ETF Investor Tutorials

The Trend Ranking Data Tables

The  Trend Ranking Database Tables are the core subscription offering where all the important trend and data analasys are held, including links to real-time charts. 

Each of the 154 ETFs in the data tables has 12 columns of unique trend data that is updated weekly on Sundays at 6pm EST. 

The  main data table:

  1. ETF Heatmap – this trend data table sorts the 150+ ETF universe into descending order of trend performance quintiles.


Getting Started with the Data Tables

There is a lot of data presented in the ranking tables so it will be good to take some time to understand how to read and interpret the trend data tables

The 2 key trend ranking (Power Score & Long Trend) columns are always color-coded to give you an “at-a-glance” easy view of top trending ETFs.  Here are some of the core trend analytics from each table:

  • Invest in the Green Zone – You’ll notice that many of the Top 1 or 2 Quintile ETFs are in the Green Zone.  This means typically both Power Score + Long Term Trend are positive.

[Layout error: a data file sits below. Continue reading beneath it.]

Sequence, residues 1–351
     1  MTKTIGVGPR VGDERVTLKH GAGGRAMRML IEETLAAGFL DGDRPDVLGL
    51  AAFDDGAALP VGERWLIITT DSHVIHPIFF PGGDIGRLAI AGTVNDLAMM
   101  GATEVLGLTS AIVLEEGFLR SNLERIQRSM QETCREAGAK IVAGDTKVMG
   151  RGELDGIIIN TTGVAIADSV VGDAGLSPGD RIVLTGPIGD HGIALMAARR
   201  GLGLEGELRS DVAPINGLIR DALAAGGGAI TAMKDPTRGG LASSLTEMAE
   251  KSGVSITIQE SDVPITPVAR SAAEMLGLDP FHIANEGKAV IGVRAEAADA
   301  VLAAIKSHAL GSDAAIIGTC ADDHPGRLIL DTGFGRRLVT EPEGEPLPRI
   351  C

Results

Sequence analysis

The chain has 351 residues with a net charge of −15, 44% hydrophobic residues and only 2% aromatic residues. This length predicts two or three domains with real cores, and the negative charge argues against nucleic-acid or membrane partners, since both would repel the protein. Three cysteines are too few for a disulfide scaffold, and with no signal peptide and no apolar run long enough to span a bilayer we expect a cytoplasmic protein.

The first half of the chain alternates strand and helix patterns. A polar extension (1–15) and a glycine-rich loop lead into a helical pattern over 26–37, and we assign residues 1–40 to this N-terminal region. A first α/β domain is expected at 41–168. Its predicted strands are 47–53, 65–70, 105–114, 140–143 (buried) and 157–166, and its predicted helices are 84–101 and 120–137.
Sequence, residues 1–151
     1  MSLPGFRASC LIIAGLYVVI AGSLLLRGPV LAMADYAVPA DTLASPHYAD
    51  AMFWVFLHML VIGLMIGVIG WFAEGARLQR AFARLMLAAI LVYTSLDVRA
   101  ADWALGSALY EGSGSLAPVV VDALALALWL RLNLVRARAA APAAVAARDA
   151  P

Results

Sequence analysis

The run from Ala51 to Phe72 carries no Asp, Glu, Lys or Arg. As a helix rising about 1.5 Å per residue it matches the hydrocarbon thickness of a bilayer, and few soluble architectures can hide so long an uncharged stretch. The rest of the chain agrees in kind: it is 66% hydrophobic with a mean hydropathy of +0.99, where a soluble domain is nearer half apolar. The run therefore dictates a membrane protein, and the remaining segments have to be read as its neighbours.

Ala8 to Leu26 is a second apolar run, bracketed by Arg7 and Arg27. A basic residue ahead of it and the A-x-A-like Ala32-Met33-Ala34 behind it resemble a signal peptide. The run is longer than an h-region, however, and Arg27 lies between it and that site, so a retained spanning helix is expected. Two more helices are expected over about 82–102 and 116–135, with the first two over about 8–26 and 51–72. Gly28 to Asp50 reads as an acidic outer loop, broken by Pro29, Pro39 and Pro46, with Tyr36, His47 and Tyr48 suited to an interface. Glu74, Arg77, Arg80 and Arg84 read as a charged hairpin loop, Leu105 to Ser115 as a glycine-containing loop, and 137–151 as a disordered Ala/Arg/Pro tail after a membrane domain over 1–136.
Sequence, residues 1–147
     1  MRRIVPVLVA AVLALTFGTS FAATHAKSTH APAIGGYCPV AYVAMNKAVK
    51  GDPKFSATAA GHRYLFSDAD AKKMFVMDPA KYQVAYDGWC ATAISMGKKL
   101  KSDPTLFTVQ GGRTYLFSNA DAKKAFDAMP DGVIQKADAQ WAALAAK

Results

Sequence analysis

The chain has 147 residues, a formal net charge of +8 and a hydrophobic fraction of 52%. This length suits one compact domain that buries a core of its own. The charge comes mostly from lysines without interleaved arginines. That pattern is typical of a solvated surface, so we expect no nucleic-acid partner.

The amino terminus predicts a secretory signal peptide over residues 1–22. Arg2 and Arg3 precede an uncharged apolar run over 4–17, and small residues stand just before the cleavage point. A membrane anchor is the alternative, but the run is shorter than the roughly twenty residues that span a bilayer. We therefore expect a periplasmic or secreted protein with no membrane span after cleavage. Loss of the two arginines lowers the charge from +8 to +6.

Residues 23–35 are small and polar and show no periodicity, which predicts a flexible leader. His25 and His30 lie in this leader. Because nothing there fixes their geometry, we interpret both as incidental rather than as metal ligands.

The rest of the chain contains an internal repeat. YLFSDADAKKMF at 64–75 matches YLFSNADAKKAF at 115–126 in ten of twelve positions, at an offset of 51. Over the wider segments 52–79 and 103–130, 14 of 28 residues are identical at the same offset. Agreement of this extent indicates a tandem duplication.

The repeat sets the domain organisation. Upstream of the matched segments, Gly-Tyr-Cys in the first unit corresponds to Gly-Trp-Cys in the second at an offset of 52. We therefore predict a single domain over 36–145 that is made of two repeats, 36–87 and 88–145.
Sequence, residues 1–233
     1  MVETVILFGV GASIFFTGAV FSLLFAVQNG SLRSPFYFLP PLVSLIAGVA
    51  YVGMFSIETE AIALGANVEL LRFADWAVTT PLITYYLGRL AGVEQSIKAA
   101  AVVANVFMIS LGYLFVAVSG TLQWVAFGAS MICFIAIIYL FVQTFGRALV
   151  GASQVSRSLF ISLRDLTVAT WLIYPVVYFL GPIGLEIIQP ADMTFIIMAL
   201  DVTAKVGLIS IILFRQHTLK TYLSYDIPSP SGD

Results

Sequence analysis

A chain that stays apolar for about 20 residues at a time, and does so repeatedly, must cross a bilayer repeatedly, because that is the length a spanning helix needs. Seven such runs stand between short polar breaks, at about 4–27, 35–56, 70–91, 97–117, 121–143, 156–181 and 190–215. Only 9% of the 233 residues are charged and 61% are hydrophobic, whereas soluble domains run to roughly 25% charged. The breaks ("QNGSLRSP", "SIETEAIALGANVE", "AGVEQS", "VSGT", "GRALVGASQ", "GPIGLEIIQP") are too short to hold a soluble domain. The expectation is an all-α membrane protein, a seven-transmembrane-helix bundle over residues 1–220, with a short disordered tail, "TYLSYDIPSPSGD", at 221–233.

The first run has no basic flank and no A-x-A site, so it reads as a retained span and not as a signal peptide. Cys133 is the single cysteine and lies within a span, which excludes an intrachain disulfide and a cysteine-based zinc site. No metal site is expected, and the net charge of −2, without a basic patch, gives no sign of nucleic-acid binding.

• Understanding Quintiles – its helpful to understand the concept of quintiles as it is the basis for our trend strength color coding of the Power Score and Long Trend rankings.
  • Power Score – this is the key ranking score that is updated weekly, drives most investor decisions and is part of the green zone strategy.
  • Long Trend – the Long Trend is a measure of an individual ETF’s trend direction and velocity and is part of the green zone strategy.
  • Alike Score – the Alike Score is a measure of how closely correlated an ETFs trend direction movement is with the broad stock market index.

If you spend some time to understand these key parts to the tables you will be doing well.  You can read more about all the trend data columns in Interpreting the Trend Data Tables.


What is the “Green Zone” of Investing?

The Investing “Green Zone” is the top 2 quintiles of ETF Power Score trend rankings as well as the top 2 quintiles of individual trend direction and velocity.  These ETFs have exhibited trend strength that are outperforming the broad stock market index.

Part 1 – Power Score